I am proud to announce, as of November 1, 2012, Hotaling Investment Management, LLC has transitioned to an independent investment advisory firm. All of us would like to thank you for your patience and helpful interaction. We have relocated to downtown Wayne, and invite you to come visit our new offices if you have not already. If that is not possible, please visit our new web site www.hotalingllc.com where you can experience a taste of our new presence in the investment management world.
I want your experience of the change in the structure of our business to be seamless. We will both need to become accustomed to some new aspects to our relationship, and we will help bridge this for you. From our end, transitions typically lead to challenges, new learning and ultimately an improved potential. We want to be open to new capabilities in the investment management world that will ultimately benefit you. My overarching goals are to continue to provide you direct access to us, quality investment management and customized financial planning solutions. We are now better positioned to do this than ever before.
Change can often help us step outside our box. It is often easy to slip into thought habits, or put on someone else’s blinkers. For example, even though we are confronting a list of global and domestic issues and most investors sense a high degree of anxiety, 2012 has been a good year to be an investor. Stocks and bonds have produced attractive returns. The S&P 500 has returned 14.9% through the end of November. To put this year’s results into some context, the average price return for the S&P 500 dating back to 1929 is about 7%. The average for the past 10 years is about 3%. These figures do not include dividends or the re-investment of dividends.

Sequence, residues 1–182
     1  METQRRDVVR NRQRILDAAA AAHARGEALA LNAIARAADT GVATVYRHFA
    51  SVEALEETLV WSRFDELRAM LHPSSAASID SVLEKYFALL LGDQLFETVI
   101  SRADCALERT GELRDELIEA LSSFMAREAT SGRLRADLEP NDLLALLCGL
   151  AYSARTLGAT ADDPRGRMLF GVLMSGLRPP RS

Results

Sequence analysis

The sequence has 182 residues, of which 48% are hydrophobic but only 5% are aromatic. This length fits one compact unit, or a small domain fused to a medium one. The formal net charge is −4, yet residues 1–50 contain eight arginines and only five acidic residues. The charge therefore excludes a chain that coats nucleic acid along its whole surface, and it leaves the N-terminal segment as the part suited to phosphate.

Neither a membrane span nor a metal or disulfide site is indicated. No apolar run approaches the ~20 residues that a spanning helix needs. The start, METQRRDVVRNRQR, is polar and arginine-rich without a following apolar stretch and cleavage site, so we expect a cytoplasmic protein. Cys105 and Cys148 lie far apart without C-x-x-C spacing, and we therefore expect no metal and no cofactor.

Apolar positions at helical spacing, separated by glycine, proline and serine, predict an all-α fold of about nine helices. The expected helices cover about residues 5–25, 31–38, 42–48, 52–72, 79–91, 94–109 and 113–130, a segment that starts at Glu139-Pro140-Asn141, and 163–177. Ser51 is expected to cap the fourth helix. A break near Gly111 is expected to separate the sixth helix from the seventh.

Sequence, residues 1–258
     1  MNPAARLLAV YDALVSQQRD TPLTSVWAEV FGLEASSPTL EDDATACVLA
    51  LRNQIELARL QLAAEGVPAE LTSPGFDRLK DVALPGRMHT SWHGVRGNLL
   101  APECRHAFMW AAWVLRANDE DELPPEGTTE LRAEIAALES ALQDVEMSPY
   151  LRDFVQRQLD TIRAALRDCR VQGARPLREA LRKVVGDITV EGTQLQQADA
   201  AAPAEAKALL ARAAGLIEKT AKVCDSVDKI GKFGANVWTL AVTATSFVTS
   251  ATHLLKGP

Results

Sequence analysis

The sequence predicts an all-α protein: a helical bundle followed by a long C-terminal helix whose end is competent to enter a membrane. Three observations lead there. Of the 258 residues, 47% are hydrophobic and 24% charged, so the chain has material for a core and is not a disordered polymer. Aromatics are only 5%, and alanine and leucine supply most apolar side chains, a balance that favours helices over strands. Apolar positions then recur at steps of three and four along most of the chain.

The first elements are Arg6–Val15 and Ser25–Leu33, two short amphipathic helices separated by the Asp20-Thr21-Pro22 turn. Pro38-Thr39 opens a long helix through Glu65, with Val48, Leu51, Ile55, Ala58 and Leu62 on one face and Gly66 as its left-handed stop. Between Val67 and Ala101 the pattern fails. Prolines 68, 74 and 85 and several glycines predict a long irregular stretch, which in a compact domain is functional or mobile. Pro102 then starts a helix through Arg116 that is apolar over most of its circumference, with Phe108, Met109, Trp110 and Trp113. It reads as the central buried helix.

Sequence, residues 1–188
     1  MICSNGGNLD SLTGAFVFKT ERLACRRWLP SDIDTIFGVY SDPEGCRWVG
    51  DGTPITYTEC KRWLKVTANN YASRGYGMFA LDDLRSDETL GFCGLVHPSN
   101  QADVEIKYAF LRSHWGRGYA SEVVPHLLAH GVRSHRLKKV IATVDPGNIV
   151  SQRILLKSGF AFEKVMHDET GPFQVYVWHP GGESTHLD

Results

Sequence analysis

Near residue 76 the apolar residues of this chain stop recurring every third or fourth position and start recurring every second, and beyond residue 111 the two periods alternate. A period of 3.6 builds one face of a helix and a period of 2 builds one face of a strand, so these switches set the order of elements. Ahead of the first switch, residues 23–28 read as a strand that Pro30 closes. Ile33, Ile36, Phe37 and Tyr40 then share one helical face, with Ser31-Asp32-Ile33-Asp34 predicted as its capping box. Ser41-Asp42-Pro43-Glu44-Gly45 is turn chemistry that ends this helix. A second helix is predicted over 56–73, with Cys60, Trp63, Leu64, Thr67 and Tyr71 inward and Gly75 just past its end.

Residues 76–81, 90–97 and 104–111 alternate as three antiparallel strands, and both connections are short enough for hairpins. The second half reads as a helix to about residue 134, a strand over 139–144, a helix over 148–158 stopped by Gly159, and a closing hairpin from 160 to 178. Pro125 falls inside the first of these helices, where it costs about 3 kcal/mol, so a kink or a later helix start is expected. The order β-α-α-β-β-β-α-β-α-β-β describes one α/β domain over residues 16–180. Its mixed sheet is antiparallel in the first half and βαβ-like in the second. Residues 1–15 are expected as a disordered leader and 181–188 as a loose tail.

Change is ever present. At the moment, some investors are uncomfortable with what has been dubbed the “fiscal cliff” and it has become a bit obsessive. We owe this to a large degree to the media. The media’s ability to define the issues we face is extraordinary. This is vastly different than simply reporting the news. The choice of language, the nuance and the frequency of the message all have impact on our views.
My opinion is that the policy makers will resolve the tax and budget complications. While it is as politicized as ever, it is solvable. When we are on the other side of the “issue” looking back, like so many times in the past, it will seem so much less than it does at the moment. Markets reflect perpetual uncertainty. This has been the case throughout history. No outcome has ever been comfortably known, in advance. As soon as the most pressing concern of the day is resolved, another will take its place. It never gets “easy.”
Investment grade corporate and municipal bonds look expensive to me. If you own bonds, by all means hold on to them, but at the moment, its no place to shop. Other sources of income such as higher yielding corporate bonds and certain real estate investment trusts are more attractively priced.
Patience in markets like these is of the utmost importance. As a rule, it is better to “sit on cash” than to over pay for an asset. Warren Buffett, who needs no introduction, commented on owning stocks over the last 100 years, “You might think it would have been impossible for an investor to lose money during a century marked by such an extraordinary gain. But some investors did. The hapless ones bought stocks only when they felt comfort in doing so and then proceeded to sell when the headlines made them queasy.” (NY Times, October 16, 2008) Though it is extremely difficult, we want to be sure we do not feed into the sentiment of the day.
Please feel free to check in if you have any questions or would like to review you portfolio prior to year end. Valerie, Eileen, Justin and I are always available to take care of you.
Bruce Hotaling, CFA